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which they had been smoothed. Such a hook, gouging, flashing toward the neck,
can tear open the neck, under the ear;
it can rip out the jugular vein, pouring its dull, ruby flow down the chest,
not bright like arterial blood; it can strike into the optical cavity, as
through a fruit, then breaking the front of the skull free from the skin; it
can tear through the mouth, and the side of the face, dragging out the lower
jaw and tongue. The large, soft men fled back, huddling together. The hook
struck at them again and again. Vertebrae were pulled out, drawn back through
the skin. Ribs like curved white sticks suddenly burst into view. There were
many screams in the crowd. Dwarfs flung away their measuring boards, their
baskets, some even their hooks, which might have been well to retain.
Such objects were scattered about, mostly in the sand before the privileged
seats. One of the large, soft men, turned about, white-faced, he who had first
rushed at the peasant, and then passed
by him laughing, grunted, the point above the hook piercing his belly.
Another, he who had secondly threatened the peasant, feinting at him, then
drawing away laughing, uncertainly, quaveringly, raised his barang over his
head, it held with two hands. "Go away," he shrilled to the peasant. He did
strike down at the peasant, but the blow was blocked with the hook. There was
a ring of metal. Before he could draw back for another blow the hook had
lashed out, catching him in the side. The peasant held him in place with his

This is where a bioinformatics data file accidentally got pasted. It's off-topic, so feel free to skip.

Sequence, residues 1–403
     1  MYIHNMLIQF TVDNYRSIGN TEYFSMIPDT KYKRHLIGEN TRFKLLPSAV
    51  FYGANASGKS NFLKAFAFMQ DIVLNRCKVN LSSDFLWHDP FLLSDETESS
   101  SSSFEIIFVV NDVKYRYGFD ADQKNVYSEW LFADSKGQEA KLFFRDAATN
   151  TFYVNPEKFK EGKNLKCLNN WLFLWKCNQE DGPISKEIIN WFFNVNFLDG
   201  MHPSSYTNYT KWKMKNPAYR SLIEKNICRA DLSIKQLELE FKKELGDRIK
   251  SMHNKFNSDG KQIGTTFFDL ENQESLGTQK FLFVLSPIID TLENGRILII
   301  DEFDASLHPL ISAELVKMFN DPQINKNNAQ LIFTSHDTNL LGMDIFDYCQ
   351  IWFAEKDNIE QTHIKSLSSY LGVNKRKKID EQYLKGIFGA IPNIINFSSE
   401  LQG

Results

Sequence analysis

foot, the man turned sideways, looking wildly to the side, to free the hook.
He then tore the hook free, shattering ribs, drawing it forth, with it lung
and tissue. The tool then with which such havoc had been wrought left the
peasant's hand. Like a knife it flew through the air. Another large, soft
fellow cried out, he who had made the first killing in the arena, and looked
down, disbelievingly, at the handle of the tool, coming somehow out of his
belly. "He is disarmed!" cried the leader of the large, soft men, he who had
led them forth into the arena. But he was not disarmed for he now held a
barang in each hand. The large, soft men screamed and pushed back against the
wall of the arena, below the privileged seats. Again the barang struck, and
again. "He is mad!" cried men in the stands, who did not understand the nature
of the peasant, that there could be such a man, or the nature of the rage.
"Run, run!" cried the leader of the large, soft men, and they fled. The
attendants, those who had been inconspicuously by the dead gate, with their
rakes, had, shortly after seeing the peasant free, withdrawn through the dead
gate, and locked it behind them. They were taking no chances that he might
take advantage of that aperture as a route of escape. Some of the dwarfs had
fled through it, too, with them. Others had not managed to reach it in time,
and were still in the arena.
One of the large, soft men pulled at the handle of the gate leading up the
stairs to the throne box.
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But it had been locked behind the officer of the court, of course, when she
and the guards had reentered it. Two of the large, soft men were cut down
there, reaching through it, trying to pull loose the chains which secured it.
Another man ran to the place where the adherent of Floon had run earlier, who
had been caught on the hooks of the dwarfs and returned, dragged back alive on
the hooks, to the area of the privileged seats. He leaped up, his barang
discarded, tearing, scratching, at the wall. Then he turned about, and sank
down there, his eyes bulging with terror, and it was there that the peasant,
who had slowly, implacably pursued him, treading through the sand, slew him.
The peasant looked about. Somewhere in the arena, surely, was he who had cried
out when he thought the peasant disarmed, he who had cried out, too, for the
large, soft men to run, even though many still retained their barangs
, he who had led them into the arena, who had first lifted his barang to the
mayor and those in the throne box. Aware suddenly of a tiny sound in the sand
behind him the peasant spun about, his barang flashing. A dwarf then fell, as
he drove the barang [ Pobierz całość w formacie PDF ]